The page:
At least 27 people were hurt after four blasts hit Ukraine’s eastern city of Dnipropetrovsk on Friday, AFP reported.

Nine children were injured in the succession of explosions and 25 of the 27 injured were hospitalized, emergency officials told AFP.

President Viktor Yanukovych vowed a firm response to the explosions, which came weeks before the Euro 2012 football championship that Ukraine is co-hosting with Poland.

“We know that there are victims, we understand that this is another challenge, for the entire nation,” Yanukovych told journalists while on a visit to a factory in the Crimea on the Black Sea.

“We will think about how to respond adequately,” he added. “I think we will figure it out. It’s a pity that this has happened.”

Dnipropetrovsk is the home town of Yanukovych’s fierce opponent, the 2004 Orange Revolution leader Yulia Tymoshenko, who is serving a jail sentence for abuse of power that has strained relations between Ukraine and the European Union.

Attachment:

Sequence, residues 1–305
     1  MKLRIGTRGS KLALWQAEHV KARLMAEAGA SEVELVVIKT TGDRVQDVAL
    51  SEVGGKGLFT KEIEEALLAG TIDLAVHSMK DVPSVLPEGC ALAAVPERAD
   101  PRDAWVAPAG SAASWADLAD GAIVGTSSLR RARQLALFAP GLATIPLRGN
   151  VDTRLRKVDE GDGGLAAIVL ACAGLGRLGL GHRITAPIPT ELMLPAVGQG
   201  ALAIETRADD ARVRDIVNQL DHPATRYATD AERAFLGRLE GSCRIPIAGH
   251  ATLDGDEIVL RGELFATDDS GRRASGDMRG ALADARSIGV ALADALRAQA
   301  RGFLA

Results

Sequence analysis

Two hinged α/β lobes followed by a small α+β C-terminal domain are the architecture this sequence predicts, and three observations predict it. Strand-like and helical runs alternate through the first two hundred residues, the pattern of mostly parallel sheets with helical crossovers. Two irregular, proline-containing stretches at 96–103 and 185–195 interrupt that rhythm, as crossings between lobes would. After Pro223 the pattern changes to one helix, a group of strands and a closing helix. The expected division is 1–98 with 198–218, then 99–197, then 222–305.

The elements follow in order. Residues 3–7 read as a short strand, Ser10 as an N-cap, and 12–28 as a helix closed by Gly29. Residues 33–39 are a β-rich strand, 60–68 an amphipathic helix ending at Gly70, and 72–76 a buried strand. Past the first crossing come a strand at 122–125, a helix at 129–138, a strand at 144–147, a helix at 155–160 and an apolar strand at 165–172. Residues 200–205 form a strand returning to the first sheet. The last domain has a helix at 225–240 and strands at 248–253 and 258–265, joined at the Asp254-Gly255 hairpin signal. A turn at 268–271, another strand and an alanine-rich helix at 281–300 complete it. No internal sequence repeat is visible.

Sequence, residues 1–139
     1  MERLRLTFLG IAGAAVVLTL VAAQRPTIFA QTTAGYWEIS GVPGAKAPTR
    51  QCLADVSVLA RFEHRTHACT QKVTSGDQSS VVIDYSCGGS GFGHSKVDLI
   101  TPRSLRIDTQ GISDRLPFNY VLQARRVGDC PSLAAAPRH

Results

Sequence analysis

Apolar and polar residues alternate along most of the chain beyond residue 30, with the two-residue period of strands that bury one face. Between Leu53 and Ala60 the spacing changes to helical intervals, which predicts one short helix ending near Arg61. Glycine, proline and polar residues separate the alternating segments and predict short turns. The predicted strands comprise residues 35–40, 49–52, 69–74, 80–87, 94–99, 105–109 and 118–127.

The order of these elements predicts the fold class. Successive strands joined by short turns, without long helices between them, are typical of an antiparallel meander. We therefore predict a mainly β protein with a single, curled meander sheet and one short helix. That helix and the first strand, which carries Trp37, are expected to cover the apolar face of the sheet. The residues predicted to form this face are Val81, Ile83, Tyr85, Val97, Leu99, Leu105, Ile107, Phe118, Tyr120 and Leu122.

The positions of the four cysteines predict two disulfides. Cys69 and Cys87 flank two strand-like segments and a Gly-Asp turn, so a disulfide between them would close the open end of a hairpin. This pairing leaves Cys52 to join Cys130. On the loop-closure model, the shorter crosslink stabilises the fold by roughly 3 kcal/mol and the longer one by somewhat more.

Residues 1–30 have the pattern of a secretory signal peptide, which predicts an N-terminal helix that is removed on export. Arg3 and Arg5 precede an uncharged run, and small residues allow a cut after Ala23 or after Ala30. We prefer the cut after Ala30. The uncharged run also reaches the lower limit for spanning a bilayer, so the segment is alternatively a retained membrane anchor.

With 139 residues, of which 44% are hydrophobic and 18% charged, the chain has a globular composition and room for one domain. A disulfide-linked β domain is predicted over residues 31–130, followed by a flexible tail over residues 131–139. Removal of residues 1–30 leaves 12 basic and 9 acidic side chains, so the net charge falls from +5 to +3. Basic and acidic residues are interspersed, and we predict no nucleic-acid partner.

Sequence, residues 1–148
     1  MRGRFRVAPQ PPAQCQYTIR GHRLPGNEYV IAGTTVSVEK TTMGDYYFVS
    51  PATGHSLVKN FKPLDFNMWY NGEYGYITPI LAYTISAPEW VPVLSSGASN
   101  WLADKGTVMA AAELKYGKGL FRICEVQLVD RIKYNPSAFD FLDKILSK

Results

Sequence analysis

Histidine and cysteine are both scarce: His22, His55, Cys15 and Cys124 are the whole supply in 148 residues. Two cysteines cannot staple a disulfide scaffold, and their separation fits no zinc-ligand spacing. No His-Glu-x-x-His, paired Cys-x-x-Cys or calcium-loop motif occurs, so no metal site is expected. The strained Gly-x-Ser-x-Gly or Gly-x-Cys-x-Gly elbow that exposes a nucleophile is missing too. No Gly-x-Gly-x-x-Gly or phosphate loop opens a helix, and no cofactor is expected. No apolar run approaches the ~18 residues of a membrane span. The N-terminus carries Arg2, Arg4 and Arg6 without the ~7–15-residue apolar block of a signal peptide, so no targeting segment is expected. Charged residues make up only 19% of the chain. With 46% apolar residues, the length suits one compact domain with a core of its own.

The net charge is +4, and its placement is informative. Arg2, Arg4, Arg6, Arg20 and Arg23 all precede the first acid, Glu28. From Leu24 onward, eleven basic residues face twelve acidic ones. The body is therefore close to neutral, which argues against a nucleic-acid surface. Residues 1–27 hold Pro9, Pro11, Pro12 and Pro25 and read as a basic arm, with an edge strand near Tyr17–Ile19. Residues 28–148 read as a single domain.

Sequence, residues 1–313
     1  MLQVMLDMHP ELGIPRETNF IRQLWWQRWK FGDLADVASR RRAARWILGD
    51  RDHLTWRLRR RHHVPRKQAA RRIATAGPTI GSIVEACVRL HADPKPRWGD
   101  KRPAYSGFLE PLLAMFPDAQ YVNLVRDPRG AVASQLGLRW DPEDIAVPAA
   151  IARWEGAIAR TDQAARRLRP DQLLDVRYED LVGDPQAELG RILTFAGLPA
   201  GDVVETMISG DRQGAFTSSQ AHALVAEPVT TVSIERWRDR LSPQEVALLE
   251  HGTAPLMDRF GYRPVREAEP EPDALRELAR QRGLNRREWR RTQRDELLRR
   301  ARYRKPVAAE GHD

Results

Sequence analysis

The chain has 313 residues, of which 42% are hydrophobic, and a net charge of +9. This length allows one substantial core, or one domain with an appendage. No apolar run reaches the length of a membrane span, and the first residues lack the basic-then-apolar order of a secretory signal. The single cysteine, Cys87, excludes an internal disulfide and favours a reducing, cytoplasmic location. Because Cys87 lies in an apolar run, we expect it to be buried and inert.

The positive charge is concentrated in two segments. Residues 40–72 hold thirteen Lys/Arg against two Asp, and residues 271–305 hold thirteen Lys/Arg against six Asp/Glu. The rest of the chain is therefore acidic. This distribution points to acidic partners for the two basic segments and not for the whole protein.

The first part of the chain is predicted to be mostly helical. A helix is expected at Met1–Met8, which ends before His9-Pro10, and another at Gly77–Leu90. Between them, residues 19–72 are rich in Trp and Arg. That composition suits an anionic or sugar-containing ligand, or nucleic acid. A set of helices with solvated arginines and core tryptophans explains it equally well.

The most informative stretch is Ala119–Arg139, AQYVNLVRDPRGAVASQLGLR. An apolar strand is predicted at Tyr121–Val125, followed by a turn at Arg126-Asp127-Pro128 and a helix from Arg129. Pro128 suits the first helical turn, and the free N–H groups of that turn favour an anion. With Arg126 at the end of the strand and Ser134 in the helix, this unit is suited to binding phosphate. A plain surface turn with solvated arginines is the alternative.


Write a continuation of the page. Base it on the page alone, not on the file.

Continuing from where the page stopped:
Dnipropetrovsk is not a host city in the country’s first major international sports event, but is on the route of the trophy tour that is due there on May 21, AFP noted.

Officials said that the first blast went off in a trash bin near a movie theatre in the centre of the city at 11:50 a.m. local time. A second blast followed 40 minutes later and the third, in another busy central street, was 15 minutes after that, they said.

The fourth explosion went off at 1:00 p.m. local time, the interior ministry said without providing further details.

AFP reported that amateur videos shot in the city and uploaded to a local news website showed people tending to the wounded at the tram stop surrounded by shattered glass and sheets of metal near a tram.

Ukrainian prosecutors have launched a probe into possible acts of terrorism, the Interfax news agency reported. No information was released as to the possible perpetrators of the blasts. A similar series of explosions in eastern Ukraine in January last year were linked by officials to an attempt to extort money.

(Arutz Sheva’s North American Desk is keeping you updated until the start of Shabbat in New York. The time posted automatically on all Arutz Sheva articles, however, is Israeli time.)